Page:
Some dates were struck to the tune of 100 million or more. Hence, the numismatic premiums you’ll pay on these two types of coins are generally lower than for the scarcer, older silver coins that are more valuable.
Therefore, buying pre-1965 silver dimes and quarters allows you to get more bang for your buck (per gram of silver).
However, this doesn’t mean that some people selling constitutional silver won’t also include the other coins that I’ve listed above.
When we’re talking about constitutional silver coins, it’s also important to note the following coins that were not listed above — like the classic silver designs used during or created in the 19th century, including:
- Bust, Liberty Seated, and Barber types
- 35% silver wartime Jefferson nickels
- 40% silver Kennedy half dollars from 1965 through 1970
- Silver Bicentennial coins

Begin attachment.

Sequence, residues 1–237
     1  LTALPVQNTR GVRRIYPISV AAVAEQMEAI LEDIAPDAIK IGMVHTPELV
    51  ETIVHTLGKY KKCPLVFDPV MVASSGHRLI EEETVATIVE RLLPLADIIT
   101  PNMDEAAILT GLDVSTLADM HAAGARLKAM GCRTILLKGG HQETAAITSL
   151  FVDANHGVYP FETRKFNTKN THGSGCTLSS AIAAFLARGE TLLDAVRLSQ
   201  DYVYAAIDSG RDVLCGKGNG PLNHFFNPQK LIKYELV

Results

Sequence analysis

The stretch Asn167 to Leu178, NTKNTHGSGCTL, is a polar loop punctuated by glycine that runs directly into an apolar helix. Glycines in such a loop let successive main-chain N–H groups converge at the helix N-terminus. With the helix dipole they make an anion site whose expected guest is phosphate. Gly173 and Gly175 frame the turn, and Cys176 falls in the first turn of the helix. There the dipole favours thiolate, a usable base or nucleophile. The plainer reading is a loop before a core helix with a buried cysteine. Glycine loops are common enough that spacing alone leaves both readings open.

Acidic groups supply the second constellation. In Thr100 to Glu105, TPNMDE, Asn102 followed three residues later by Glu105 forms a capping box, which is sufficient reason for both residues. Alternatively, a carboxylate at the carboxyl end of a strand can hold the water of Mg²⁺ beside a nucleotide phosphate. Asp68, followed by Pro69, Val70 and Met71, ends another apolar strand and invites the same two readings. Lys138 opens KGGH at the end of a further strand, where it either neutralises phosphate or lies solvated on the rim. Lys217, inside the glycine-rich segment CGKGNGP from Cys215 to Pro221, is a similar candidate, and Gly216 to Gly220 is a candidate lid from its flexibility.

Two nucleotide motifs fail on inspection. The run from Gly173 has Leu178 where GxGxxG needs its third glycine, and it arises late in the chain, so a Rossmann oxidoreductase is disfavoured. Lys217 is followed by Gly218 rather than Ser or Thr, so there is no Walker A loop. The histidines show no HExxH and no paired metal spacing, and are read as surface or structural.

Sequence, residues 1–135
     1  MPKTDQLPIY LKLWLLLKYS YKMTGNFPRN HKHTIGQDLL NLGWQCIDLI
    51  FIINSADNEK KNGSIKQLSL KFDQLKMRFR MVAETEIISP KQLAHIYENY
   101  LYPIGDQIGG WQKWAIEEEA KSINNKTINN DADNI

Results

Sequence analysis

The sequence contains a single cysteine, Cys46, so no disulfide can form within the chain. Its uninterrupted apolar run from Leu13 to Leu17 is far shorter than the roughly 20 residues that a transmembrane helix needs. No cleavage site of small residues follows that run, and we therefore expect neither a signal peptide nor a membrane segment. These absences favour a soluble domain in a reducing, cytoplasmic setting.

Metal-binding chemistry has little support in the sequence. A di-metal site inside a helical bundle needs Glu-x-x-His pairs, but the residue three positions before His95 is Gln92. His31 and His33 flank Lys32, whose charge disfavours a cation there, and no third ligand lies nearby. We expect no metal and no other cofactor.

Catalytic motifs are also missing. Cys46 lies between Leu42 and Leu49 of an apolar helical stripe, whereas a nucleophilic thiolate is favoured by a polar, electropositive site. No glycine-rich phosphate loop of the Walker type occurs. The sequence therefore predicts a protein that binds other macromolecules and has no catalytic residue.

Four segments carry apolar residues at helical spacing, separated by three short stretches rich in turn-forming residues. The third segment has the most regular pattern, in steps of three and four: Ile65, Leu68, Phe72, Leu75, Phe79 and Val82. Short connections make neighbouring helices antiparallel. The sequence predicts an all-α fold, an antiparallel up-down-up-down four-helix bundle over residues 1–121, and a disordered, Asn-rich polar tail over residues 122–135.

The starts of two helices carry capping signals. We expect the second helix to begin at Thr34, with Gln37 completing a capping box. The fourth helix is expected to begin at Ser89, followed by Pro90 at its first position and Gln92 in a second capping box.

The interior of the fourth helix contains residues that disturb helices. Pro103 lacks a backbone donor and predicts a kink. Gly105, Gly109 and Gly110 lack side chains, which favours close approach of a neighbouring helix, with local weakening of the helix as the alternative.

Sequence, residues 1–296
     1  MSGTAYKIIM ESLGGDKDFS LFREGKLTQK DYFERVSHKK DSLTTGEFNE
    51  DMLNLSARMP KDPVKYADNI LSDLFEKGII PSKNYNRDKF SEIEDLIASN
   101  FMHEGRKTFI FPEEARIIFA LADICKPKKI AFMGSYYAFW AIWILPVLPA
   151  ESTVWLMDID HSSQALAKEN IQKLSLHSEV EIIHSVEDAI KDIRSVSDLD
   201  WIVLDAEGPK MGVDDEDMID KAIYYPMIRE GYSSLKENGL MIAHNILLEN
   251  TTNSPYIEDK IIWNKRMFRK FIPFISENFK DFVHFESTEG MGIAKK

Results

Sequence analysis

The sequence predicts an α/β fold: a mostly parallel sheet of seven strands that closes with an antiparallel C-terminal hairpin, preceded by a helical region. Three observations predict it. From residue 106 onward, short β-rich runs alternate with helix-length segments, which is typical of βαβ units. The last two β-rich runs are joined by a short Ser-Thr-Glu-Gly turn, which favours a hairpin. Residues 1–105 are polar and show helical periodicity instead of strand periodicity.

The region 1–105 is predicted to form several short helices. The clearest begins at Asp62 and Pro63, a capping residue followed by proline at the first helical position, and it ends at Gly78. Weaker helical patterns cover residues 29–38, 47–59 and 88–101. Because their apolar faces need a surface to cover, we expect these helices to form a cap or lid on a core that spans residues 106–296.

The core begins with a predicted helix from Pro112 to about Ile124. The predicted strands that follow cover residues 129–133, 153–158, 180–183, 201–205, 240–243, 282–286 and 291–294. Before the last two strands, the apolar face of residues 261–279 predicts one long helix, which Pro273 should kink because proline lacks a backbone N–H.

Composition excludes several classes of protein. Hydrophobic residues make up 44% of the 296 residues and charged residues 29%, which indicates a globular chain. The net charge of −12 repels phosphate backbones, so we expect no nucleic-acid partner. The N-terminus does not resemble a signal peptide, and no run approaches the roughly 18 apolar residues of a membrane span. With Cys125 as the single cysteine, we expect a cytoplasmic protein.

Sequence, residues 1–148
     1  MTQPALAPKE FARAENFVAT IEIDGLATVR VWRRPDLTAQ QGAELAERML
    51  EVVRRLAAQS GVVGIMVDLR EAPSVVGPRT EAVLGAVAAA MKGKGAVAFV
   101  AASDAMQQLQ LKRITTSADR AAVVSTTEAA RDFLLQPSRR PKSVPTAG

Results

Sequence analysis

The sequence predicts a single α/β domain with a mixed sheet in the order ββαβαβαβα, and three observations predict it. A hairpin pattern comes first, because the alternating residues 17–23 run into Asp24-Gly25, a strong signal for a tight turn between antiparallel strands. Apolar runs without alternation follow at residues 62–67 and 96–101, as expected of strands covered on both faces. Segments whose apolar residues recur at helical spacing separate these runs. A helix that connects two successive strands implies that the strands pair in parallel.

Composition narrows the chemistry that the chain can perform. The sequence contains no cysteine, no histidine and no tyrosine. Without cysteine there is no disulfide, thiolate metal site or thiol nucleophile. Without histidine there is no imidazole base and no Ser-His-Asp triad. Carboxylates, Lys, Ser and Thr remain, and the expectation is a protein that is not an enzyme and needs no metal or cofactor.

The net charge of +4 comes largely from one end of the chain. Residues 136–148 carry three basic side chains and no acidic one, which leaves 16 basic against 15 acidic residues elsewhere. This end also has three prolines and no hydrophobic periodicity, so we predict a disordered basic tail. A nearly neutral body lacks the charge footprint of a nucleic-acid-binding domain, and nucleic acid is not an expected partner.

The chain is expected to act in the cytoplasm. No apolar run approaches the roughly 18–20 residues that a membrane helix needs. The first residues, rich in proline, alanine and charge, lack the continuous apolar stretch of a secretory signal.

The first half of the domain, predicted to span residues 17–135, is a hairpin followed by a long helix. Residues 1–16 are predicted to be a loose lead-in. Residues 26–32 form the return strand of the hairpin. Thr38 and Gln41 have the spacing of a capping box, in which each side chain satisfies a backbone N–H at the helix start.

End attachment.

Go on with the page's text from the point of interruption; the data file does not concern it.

- And other more recent silver coinage
This doesn’t mean that some constitutional silver lots won’t include 35% silver war nickels or 40% silver Kennedy half dollars. But mostly, constitutional silver entails the classic 90% silver coins that were produced before 1965.
If you have any awareness of the silver markets or are familiar with the bullion world, you’ll probably realize that much of the material sold as “constitutional silver” is the same coinage that is historically advertised as “junk silver.”
Why All The Hype Around Constitutional Silver Coins?
You’re probably hearing a lot more constitutional silver coins these days more than you ever had before.
So, why is this? And what’s the big deal about constitutional silver if it’s really just what other dealers sell as junk silver?